When I was younger, I dreamt of visiting Japan to see the cherry blossoms blooming. I learned about Japanese art history. I loved the aesthetic concepts of "wabi-sabi" and "mono no aware", which related art to the concept of imperfection and impermanence of life. Wabi-sabi referred to the beauty found in imperfections.
For example, a porcelain vase that had been smashed to pieces then glazed back together with a gold glaze would be considered much more beautiful than the original vase before it had been broken. It's the uniqueness found in the lines of gold glaze that traced the broken parts of the porcelain that made it special. The story that begged to be told behind the brokenness indicated by the gilded lines made the vase more mysterious and full of life. It elevated the vase to the status of "art".
Mono no aware referred to the beauty of things that don't last forever, recognizing that all of life is impermanent. It's the heightened sensitivity that one feels for the beauty of the cherry blossoms because one knows that the bloom only lasts for a short time. It made sensitive people reflect on their own mortality and purpose in the world. This mixture of joy and sadness created a complicated blend of feelings that could only be evoked by things that reminded people of their own insignificance in the face of time.
Those two aesthetic concepts really resonated with me and made me want to visit Japan. In 2017, I got the chance to realize my childhood dream. I moved to Tokyo to experience living like a local there. The experience was eye-opening in many ways.
I was in love with Tokyo the moment I arrived. The cherry blossom trees blooming and seas of people abuzz in this city felt so far away from the life I led in Silicon Valley. It was like I was living somebody else's life.
Then the food. Oh my goodness, the food. I'm not sure if it's because of fresher ingredients or the Japanese attention to detail, but the food in Tokyo was better than the food I'd had anywhere else.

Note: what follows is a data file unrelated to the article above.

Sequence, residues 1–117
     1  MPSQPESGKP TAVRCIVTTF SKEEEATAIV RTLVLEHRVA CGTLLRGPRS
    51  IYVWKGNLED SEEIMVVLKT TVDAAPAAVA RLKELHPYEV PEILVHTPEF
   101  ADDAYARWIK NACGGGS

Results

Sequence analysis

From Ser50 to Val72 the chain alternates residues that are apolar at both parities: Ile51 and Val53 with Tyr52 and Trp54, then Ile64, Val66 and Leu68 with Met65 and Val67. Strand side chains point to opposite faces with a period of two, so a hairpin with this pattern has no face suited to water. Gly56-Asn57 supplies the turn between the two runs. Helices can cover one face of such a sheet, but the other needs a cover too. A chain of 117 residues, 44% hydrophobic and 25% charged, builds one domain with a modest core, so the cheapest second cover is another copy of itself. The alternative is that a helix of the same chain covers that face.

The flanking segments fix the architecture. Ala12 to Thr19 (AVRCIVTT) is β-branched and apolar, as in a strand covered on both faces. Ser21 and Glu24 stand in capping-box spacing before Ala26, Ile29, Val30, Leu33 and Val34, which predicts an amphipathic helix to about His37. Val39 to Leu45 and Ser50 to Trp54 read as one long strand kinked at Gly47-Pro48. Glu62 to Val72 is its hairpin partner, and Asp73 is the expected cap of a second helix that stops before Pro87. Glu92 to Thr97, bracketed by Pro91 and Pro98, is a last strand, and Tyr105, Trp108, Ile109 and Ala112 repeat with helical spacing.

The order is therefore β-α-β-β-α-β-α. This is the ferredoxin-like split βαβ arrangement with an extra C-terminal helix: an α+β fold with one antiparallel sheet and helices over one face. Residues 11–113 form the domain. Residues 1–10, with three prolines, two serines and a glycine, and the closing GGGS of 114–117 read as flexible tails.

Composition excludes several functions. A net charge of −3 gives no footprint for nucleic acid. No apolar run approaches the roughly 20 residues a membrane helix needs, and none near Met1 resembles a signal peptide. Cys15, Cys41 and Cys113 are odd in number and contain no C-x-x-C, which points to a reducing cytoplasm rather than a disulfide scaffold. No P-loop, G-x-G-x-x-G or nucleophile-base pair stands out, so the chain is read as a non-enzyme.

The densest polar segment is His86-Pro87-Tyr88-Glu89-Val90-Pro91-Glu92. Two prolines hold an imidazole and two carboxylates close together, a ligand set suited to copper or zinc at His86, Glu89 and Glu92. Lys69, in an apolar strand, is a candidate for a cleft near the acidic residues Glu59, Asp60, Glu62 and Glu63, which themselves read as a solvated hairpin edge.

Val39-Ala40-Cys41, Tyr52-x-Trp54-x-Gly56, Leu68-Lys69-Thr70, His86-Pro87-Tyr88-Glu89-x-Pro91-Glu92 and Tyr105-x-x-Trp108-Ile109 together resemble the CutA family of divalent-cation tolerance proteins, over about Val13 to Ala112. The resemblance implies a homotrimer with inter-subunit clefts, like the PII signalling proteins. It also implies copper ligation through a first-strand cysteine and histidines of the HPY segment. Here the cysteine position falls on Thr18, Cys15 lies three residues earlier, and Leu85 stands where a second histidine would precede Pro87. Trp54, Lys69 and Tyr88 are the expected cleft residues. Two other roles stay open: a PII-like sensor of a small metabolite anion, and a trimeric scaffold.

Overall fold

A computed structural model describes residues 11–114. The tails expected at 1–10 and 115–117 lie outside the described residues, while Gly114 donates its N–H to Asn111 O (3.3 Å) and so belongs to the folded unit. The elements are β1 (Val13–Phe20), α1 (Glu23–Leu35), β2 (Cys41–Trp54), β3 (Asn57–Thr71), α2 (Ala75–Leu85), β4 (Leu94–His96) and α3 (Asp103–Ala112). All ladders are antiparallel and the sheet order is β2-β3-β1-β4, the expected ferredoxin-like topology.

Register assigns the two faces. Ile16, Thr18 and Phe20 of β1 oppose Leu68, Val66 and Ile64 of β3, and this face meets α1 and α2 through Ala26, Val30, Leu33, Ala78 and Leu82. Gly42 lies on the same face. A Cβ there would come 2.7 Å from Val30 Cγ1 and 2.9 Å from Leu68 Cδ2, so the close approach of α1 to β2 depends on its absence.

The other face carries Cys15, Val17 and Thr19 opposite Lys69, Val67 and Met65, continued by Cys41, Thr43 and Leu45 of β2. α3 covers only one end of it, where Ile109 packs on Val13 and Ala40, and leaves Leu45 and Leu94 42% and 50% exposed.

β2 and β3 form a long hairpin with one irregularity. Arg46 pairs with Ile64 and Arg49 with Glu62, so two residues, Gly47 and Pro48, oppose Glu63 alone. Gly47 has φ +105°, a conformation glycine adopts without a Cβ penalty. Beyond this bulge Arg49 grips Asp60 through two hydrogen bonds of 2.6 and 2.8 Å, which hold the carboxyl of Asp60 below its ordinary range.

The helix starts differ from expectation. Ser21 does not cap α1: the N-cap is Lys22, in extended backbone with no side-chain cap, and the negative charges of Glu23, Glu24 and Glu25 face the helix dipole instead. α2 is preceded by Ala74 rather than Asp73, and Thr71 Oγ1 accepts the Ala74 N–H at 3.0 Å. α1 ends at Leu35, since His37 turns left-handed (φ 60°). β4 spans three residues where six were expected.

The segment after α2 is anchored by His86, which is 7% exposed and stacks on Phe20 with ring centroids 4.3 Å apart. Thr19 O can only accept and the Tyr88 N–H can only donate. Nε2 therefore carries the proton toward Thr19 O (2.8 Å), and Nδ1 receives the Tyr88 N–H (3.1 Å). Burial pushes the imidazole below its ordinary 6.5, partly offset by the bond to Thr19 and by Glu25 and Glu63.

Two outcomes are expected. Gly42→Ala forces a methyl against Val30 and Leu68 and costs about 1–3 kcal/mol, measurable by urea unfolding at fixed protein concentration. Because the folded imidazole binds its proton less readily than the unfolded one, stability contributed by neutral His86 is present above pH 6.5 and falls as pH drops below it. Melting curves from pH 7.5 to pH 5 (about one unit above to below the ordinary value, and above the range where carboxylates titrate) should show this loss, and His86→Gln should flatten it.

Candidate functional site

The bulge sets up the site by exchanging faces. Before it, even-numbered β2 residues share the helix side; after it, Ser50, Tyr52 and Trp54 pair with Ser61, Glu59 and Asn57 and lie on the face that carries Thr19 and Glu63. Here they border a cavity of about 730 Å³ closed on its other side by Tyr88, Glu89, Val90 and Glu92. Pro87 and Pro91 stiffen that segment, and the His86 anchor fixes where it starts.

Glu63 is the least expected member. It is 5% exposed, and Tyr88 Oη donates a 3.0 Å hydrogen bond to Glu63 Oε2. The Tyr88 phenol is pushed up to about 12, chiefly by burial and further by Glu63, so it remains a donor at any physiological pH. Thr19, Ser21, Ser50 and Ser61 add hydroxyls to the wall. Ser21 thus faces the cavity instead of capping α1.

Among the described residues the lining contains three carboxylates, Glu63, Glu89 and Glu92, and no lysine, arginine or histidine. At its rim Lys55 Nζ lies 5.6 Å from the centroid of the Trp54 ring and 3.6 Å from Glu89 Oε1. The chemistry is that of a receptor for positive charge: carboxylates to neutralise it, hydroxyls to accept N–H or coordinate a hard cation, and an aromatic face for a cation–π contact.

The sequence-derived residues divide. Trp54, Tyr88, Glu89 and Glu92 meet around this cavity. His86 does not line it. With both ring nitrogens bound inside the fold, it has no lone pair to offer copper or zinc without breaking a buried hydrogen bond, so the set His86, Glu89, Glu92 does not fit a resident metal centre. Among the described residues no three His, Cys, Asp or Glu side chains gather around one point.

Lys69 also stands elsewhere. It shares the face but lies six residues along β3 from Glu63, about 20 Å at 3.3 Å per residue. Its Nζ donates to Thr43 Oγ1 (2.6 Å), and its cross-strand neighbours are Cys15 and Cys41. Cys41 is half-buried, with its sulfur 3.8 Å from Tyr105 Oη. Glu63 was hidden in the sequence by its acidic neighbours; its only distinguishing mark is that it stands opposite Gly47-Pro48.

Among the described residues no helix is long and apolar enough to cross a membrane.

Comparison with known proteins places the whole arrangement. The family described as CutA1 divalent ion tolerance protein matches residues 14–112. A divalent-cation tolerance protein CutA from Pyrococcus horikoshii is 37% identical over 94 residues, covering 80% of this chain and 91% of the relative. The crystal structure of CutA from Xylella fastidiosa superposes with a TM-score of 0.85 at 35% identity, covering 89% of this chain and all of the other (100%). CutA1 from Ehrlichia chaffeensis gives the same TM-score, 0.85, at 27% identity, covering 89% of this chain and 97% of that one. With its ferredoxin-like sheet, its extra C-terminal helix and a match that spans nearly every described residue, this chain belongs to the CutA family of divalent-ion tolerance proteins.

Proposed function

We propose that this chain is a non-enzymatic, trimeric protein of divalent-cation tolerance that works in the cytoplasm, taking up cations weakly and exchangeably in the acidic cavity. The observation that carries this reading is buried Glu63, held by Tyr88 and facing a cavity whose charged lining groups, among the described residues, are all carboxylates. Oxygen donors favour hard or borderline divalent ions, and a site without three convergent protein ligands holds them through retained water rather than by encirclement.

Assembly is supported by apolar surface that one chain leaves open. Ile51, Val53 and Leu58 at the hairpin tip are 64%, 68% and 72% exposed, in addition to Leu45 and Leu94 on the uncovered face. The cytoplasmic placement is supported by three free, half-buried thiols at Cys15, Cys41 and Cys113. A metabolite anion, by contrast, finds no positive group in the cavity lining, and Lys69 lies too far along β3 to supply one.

Tokyo had so many beautiful parts to it that it felt surreal the whole entire time I lived there. But little by little the crowded metropolis and lack of English signage eroded the sense of awe I had for the city when I first moved there. Tokyo's subway system was very complicated because there were several different companies that operated different subway systems within the Tokyo subway network. This made it impossible to buy a monthly pass there because each monthly pass can only be used on one particular subway system.
Japan also doesn't usually use English or have romanized signage when announcing train stops. This made it difficult for non-Japanese speaking people like me to understand the stops or when to get off the train. Even the most basic thing like knowing when to get off the train needed help from others who spoke Japanese.
Then the crowds. Hoards of them, everywhere on the sidewalks of Tokyo. It's such a dense city that even shopping became a chore and not an enjoyable experience because you're wading your way through so many people just to get to the shop you wanted to visit. After a while, I began to understand why so many Japanese people looked so exhausted at the end of the day when I saw them nodding off on a train ride.
My fascination with Tokyo wore off, but the love for Japan remained. Every once in a while, in those rare chances when I got to explore Japan without thousands of people around, the beauty of the place still captivated me. I'd still like to visit Japan again, but a different place next time. I heard Hokkaido is a beautiful region with a lot of great scenery. I'll let you know what I think of it when I finally get there :-)
What about you? What is a place that you have a love/hate relationship with?